29.06.2017 | University of Copenhagen The Faculty of Health and Medical Sciences

nachricht Designed proteins to treat muscular dystrophy
29.06.2017 | Universität Basel

All articles from Life Sciences >>>

The most recent press releases about innovation >>>

Die letzten 5 Focus-News des innovations-reports im Überblick:

Im Focus: Making Waves

Computer scientists use wave packet theory to develop realistic, detailed water wave simulations in real time. Their results will be presented at this year’s SIGGRAPH conference.

Think about the last time you were at a lake, river, or the ocean. Remember the ripples of the water, the waves crashing against the rocks, the wake following...

Im Focus: Can we see monkeys from space? Emerging technologies to map biodiversity

An international team of scientists has proposed a new multi-disciplinary approach in which an array of new technologies will allow us to map biodiversity and the risks that wildlife is facing at the scale of whole landscapes. The findings are published in Nature Ecology and Evolution. This international research is led by the Kunming Institute of Zoology from China, University of East Anglia, University of Leicester and the Leibniz Institute for Zoo and Wildlife Research.

Using a combination of satellite and ground data, the team proposes that it is now possible to map biodiversity with an accuracy that has not been previously...

Im Focus: Climate satellite: Tracking methane with robust laser technology

Heatwaves in the Arctic, longer periods of vegetation in Europe, severe floods in West Africa – starting in 2021, scientists want to explore the emissions of the greenhouse gas methane with the German-French satellite MERLIN. This is made possible by a new robust laser system of the Fraunhofer Institute for Laser Technology ILT in Aachen, which achieves unprecedented measurement accuracy.

Methane is primarily the result of the decomposition of organic matter. The gas has a 25 times greater warming potential than carbon dioxide, but is not as...

Im Focus: How protons move through a fuel cell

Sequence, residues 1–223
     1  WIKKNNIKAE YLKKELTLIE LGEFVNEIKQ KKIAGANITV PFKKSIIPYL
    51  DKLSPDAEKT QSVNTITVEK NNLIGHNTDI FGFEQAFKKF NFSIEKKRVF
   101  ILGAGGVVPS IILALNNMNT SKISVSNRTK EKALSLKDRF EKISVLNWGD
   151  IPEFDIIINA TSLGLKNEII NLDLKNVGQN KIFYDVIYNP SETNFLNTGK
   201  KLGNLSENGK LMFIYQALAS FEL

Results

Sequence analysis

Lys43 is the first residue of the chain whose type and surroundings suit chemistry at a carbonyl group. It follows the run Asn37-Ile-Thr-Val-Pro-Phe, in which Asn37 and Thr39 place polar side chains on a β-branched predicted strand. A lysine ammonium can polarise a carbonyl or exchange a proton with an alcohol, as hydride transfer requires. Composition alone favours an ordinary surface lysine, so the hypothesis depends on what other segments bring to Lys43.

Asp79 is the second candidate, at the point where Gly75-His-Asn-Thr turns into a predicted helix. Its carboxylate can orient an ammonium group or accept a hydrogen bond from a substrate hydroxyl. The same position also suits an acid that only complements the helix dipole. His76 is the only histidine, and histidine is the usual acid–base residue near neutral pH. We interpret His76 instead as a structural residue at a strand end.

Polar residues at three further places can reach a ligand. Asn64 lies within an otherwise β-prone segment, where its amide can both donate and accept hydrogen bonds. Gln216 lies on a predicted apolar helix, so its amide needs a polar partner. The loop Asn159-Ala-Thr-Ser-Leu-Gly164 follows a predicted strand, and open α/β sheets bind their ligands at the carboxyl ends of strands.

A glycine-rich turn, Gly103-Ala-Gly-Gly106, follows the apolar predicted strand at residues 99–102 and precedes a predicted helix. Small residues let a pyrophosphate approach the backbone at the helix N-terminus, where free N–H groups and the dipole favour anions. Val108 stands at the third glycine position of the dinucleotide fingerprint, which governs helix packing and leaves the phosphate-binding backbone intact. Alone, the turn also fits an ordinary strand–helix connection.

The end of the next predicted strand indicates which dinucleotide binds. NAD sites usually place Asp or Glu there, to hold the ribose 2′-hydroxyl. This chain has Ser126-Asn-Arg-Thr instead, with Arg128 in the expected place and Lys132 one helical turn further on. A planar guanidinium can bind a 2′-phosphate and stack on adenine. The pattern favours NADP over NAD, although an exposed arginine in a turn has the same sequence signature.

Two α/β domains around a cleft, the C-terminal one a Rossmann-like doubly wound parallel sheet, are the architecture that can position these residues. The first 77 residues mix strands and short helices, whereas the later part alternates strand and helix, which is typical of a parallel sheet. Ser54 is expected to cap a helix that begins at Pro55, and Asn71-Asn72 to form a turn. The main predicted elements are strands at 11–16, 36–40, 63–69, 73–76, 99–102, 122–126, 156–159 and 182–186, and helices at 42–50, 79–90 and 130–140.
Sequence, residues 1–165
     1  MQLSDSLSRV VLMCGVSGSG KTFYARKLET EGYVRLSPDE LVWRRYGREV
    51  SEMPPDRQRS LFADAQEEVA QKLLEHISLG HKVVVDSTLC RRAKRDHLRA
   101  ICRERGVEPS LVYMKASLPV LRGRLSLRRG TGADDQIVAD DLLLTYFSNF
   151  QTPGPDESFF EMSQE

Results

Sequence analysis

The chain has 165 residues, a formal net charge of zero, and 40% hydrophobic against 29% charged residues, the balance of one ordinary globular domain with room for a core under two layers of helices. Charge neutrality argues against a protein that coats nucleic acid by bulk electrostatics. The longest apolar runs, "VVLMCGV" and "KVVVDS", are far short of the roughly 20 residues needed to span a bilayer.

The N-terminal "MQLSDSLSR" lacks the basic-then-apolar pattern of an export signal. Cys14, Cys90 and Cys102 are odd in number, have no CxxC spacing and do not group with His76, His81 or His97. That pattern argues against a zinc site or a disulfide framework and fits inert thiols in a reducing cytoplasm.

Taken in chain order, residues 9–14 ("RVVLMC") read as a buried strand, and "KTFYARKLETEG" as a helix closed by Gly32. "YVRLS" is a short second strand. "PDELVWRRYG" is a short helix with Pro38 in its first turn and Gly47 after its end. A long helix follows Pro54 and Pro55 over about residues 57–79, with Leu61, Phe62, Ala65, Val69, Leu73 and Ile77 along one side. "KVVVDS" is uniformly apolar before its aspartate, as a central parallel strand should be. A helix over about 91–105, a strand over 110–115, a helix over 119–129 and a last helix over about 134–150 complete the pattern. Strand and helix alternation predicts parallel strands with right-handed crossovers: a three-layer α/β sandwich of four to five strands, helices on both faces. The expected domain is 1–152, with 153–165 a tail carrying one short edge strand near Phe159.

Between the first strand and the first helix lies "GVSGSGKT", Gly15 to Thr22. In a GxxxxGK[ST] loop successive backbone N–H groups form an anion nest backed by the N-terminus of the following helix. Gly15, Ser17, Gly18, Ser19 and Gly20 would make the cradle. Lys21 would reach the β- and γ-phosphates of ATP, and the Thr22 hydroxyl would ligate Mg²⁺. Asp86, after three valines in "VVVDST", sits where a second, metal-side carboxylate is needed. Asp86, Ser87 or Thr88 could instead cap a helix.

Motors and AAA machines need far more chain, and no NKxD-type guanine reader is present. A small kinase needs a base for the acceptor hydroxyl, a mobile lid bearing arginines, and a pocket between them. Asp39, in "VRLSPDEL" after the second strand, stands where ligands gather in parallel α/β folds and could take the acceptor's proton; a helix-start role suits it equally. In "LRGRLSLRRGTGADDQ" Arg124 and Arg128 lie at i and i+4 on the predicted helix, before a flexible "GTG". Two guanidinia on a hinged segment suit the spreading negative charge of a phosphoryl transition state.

Hydrogen is regarded as the energy source of the future: It is produced with solar power and can be used to generate heat and electricity in fuel cells. Empa researchers have now succeeded in decoding the movement of hydrogen ions in crystals – a key step towards more efficient energy conversion in the hydrogen industry of tomorrow.

As charge carriers, electrons and ions play the leading role in electrochemical energy storage devices and converters such as batteries and fuel cells. Proton...

Im Focus: A unique data centre for cosmological simulations

Scientists from the Excellence Cluster Universe at the Ludwig-Maximilians-Universität Munich have establised "Cosmowebportal", a unique data centre for cosmological simulations located at the Leibniz Supercomputing Centre (LRZ) of the Bavarian Academy of Sciences. The complete results of a series of large hydrodynamical cosmological simulations are available, with data volumes typically exceeding several hundred terabytes. Scientists worldwide can interactively explore these complex simulations via a web interface and directly access the results.

With current telescopes, scientists can observe our Universe’s galaxies and galaxy clusters and their distribution along an invisible cosmic web. From the...

All Focus news of the innovation-report >>>

Anzeige

Anzeige

Event News

Plants are networkers

19.06.2017 | Event News

Digital Survival Training for Executives

13.06.2017 | Event News

Global Learning Council Summit 2017

13.06.2017 | Event News

 
Latest News

Nanostructures taste the rainbow

29.06.2017 | Physics and Astronomy

New technique unveils 'matrix' inside tissues and tumors

29.06.2017 | Life Sciences

Cystic fibrosis alters the structure of mucus in airways

29.06.2017 | Health and Medicine

VideoLinks
B2B-VideoLinks
More VideoLinks >>>